The Inhumane Killing of Adult Kangaroos

Kangaroo with jaw blown off

The following is an extract from The welfare ethics of the commercial killing of free-ranging kangaroos: an evaluation of the benefits and costs of the industry by D Ben-Ami, K Boom, L Boronyak, C Townend, D Ramp, D Croft and M Bekoff, 2014. The Code refers to the National Code of Practice for the Humane Shooting of Kangaroos and Wallabies for Commercial Purposes.

Inhumane killing of adult kangaroos

The Code states that shooters must aim for the brain (with the intent of achieving a humane kill). To support the Code, carcases with body shots are not accepted by processors, creating a disincentive for shooters to bring in kangaroos that are not shot in the brain. Moreover, heads are removed in the field, leaving no trace of shots penetrating the neck area (which is also partially removed) and the head. Nonetheless, in an examination of carcases at meat processing plants, RSPCA Australia found that the overall proportion of head-shot kangaroos (determined by examination of carcases that had heads removed, as described below) that were processed was 95.9% (RSPCA Australia 2002), meaning that the remaining 4% (or approximately 120,000 of the three million ten-year average) were shot in the neck or body and not as required by the Code.

Another study by Animal Liberation NSW, of carcases in 25 chillers between 2005 and 2008, identified that up to 40% of kangaroos per chiller may have been neck shot (Ben-Ami 2009). The apparently large difference in the RSPCA Australia and Animal Liberation NSW estimates is due to differences in sampling methodology. Animal Liberation NSW sampling was based on whether the head was severed at or below the atlantal-occipital joint (Ben-Ami 2009), which is where the skull connects to the neck and therefore the most efficient severing technique is at this joint where the tissue is soft. Anywhere else in the neck area the knife will encounter stiff resistance from the neck bones. RSPCA sampling was based on bullet entry points in carcases. The argument here is that a shooter would be unlikely to engage in this difficult cut unless it was necessary to conceal a neck wound.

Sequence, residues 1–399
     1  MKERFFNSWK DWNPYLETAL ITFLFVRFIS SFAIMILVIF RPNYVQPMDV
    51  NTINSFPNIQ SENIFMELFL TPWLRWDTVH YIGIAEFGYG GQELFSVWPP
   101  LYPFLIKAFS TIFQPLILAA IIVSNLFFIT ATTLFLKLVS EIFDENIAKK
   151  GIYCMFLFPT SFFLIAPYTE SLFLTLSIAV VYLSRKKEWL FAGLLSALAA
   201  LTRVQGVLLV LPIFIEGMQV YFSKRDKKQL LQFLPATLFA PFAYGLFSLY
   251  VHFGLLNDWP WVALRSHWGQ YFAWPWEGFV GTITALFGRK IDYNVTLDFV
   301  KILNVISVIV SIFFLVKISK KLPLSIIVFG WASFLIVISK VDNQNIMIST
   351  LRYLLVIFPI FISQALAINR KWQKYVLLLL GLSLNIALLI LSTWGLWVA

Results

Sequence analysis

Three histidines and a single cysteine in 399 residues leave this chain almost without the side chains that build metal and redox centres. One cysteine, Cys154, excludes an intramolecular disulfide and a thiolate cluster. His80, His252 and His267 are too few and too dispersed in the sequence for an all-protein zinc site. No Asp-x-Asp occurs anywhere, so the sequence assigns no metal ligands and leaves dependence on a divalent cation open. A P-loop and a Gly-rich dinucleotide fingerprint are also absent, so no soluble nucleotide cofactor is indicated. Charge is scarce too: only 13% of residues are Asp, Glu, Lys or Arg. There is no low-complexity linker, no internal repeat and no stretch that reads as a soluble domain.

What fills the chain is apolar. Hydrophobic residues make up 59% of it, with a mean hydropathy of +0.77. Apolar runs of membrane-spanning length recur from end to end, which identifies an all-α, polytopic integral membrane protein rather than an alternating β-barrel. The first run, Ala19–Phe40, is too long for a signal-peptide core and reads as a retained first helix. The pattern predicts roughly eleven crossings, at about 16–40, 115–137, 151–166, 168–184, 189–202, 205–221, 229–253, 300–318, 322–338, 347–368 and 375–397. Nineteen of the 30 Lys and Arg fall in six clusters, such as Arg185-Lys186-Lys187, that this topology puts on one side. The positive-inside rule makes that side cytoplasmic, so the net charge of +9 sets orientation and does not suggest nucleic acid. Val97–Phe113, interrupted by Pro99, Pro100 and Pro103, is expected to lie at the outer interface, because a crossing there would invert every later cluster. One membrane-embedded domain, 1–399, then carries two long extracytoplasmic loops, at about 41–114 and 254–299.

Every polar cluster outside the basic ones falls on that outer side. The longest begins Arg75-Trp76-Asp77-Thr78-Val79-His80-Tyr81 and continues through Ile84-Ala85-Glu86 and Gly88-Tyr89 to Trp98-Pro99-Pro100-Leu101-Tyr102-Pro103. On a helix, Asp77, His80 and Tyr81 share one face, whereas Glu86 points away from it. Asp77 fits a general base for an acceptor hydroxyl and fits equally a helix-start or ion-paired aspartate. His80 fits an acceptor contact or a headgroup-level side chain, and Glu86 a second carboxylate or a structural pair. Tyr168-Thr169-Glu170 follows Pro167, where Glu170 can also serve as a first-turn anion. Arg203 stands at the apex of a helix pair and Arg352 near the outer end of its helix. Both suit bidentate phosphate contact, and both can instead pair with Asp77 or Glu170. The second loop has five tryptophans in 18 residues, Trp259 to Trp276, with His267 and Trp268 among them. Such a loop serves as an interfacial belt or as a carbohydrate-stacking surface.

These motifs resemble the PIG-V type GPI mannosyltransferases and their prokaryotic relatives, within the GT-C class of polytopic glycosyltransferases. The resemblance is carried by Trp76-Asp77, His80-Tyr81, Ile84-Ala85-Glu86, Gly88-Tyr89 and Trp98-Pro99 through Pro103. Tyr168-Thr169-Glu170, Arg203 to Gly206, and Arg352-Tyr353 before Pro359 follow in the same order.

Both the RSPCA Australia and Animal Liberation NSW estimates were compromised by the fact that the samples were taken of carcases, without the heads, brought to chillers or meat processors, rather than in the field at the time of shooting. The true number of kangaroos killed without a shot to the brain or neck area and left in the field (because they will not be accepted by processors) is unknown. Therefore, the combination of the available information from the organisations and carcase-handling practices of shooters suggests that 4% or 120,000 adult kangaroos (of the average three million adult kangaroos that are killed annually; Table 2) is a conservative estimate

Injury to adult kangaroos